Questions relating to virtual hosting; that is, serving content for multiple logically-separate entities from the same machine. Usually relates to name-based virtual hosting in the web server, but can also cover other protocols such as SMTP or IMAP.
HTTP Virtual Hosting
In HTTP, virtual hosting refers to the serving of content for multiple domains from a single server. The most common form of virtual hosting is properly called "name-based virtual hosting", where the content to be shown is based on the domain name being requested. Less frequently, virtual hosting can be done by using the destination IP address to select which content to show (this is most commonly used when hosting HTTPS websites).
Guides for configuring virtual hosting in a number of common web servers include:
Mail Virtual Hosting
Mail service can also benefit from a form of virtual hosting. In this instance, the receiving SMTP server performs local delivery based on the entireity of the e-mail address (rather than just the local-part), and users login to their POP3/IMAP server using a username that includes their domain (this is usuallythe user's e-mail address) rather than a bare username, and the server looks up the login details and configuration information for the user based on that fully-qualified name. This allows multiple users with the same local-part to use the same server.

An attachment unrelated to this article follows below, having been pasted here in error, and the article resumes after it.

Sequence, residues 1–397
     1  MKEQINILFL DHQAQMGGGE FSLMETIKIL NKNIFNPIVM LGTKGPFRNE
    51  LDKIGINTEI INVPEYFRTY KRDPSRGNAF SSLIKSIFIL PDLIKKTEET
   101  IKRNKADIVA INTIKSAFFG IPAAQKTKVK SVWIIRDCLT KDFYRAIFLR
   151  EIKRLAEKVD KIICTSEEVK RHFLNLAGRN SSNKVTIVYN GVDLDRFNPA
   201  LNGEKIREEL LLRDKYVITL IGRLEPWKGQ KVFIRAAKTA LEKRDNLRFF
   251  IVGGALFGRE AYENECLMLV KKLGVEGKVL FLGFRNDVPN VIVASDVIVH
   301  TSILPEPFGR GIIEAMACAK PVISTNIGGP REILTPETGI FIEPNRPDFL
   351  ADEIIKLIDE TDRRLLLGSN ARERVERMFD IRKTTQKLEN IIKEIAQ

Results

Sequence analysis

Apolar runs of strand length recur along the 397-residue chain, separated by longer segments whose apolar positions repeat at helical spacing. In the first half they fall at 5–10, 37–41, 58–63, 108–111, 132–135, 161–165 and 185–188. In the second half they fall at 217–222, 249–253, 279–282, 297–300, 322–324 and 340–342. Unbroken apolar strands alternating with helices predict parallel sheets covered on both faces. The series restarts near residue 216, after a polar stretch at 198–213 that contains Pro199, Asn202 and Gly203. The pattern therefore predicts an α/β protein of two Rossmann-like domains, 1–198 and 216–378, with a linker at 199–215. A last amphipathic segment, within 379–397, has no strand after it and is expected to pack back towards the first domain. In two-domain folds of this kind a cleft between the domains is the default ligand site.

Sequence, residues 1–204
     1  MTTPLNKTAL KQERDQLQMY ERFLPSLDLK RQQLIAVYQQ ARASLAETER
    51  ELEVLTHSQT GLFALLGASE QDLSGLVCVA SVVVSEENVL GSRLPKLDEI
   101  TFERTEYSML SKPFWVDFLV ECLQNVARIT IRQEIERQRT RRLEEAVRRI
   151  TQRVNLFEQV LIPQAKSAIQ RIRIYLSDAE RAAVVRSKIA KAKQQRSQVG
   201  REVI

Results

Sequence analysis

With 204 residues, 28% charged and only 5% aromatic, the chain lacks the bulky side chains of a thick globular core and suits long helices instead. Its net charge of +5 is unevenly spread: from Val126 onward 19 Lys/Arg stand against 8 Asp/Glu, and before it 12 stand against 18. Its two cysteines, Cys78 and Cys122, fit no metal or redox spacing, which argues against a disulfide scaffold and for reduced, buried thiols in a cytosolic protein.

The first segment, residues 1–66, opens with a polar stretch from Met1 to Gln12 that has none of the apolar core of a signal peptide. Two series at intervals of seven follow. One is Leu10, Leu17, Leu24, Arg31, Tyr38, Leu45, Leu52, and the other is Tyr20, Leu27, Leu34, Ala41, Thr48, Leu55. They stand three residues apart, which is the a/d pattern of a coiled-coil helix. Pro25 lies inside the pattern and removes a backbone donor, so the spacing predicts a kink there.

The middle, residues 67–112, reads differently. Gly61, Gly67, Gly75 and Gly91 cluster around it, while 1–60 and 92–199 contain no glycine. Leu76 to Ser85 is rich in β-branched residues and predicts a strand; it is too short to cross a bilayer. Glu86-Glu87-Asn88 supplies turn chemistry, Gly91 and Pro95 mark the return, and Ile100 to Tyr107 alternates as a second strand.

Most "integrated" mail services support this feature "by default"; that is, users always use their full e-mail address to login. However, most standalone mail servers do not support this by default and require additional configuration.